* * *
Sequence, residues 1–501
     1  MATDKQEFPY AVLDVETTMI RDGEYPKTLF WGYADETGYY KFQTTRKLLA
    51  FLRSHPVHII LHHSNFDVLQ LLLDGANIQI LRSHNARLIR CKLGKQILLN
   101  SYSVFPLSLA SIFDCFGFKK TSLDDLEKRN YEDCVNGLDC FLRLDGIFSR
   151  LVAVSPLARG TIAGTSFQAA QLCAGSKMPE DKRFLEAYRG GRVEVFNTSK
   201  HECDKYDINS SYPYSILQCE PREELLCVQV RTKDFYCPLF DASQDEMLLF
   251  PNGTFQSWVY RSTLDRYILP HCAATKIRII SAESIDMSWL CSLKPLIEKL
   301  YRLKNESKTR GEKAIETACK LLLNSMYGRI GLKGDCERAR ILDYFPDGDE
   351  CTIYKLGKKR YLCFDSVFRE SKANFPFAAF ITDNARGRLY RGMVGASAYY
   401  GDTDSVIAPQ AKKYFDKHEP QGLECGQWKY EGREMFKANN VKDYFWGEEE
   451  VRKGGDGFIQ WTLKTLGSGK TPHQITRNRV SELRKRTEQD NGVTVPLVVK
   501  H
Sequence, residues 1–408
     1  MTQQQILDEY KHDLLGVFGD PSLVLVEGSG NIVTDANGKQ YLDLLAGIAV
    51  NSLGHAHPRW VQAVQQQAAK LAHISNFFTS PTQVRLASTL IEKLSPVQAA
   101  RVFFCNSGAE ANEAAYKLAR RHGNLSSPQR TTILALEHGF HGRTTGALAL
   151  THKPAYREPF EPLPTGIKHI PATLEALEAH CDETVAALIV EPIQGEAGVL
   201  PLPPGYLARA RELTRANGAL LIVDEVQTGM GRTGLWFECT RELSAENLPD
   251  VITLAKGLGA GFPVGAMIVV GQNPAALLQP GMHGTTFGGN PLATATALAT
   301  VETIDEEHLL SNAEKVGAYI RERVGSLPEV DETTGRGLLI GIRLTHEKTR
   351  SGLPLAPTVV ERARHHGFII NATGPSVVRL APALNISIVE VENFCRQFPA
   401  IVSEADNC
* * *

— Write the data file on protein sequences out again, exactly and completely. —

Sequence, residues 1–501
     1  MATDKQEFPY AVLDVETTMI RDGEYPKTLF WGYADETGYY KFQTTRKLLA
    51  FLRSHPVHII LHHSNFDVLQ LLLDGANIQI LRSHNARLIR CKLGKQILLN
   101  SYSVFPLSLA SIFDCFGFKK TSLDDLEKRN YEDCVNGLDC FLRLDGIFSR
   151  LVAVSPLARG TIAGTSFQAA QLCAGSKMPE DKRFLEAYRG GRVEVFNTSK
   201  HECDKYDINS SYPYSILQCE PREELLCVQV RTKDFYCPLF DASQDEMLLF
   251  PNGTFQSWVY RSTLDRYILP HCAATKIRII SAESIDMSWL CSLKPLIEKL
   301  YRLKNESKTR GEKAIETACK LLLNSMYGRI GLKGDCERAR ILDYFPDGDE
   351  CTIYKLGKKR YLCFDSVFRE SKANFPFAAF ITDNARGRLY RGMVGASAYY
   401  GDTDSVIAPQ AKKYFDKHEP QGLECGQWKY EGREMFKANN VKDYFWGEEE
   451  VRKGGDGFIQ WTLKTLGSGK TPHQITRNRV SELRKRTEQD NGVTVPLVVK
   501  H
Sequence, residues 1–408
     1  MTQQQILDEY KHDLLGVFGD PSLVLVEGSG NIVTDANGKQ YLDLLAGIAV
    51  NSLGHAHPRW VQAVQQQAAK LAHISNFFTS PTQVRLASTL IEKLSPVQAA
   101  RVFFCNSGAE ANEAAYKLAR RHGNLSSPQR TTILALEHGF HGRTTGALAL
   151  THKPAYREPF EPLPTGIKHI PATLEALEAH CDETVAALIV EPIQGEAGVL
   201  PLPPGYLARA RELTRANGAL LIVDEVQTGM GRTGLWFECT RELSAENLPD
   251  VITLAKGLGA GFPVGAMIVV GQNPAALLQP GMHGTTFGGN PLATATALAT
   301  VETIDEEHLL SNAEKVGAYI RERVGSLPEV DETTGRGLLI GIRLTHEKTR
   351  SGLPLAPTVV ERARHHGFII NATGPSVVRL APALNISIVE VENFCRQFPA
   401  IVSEADNC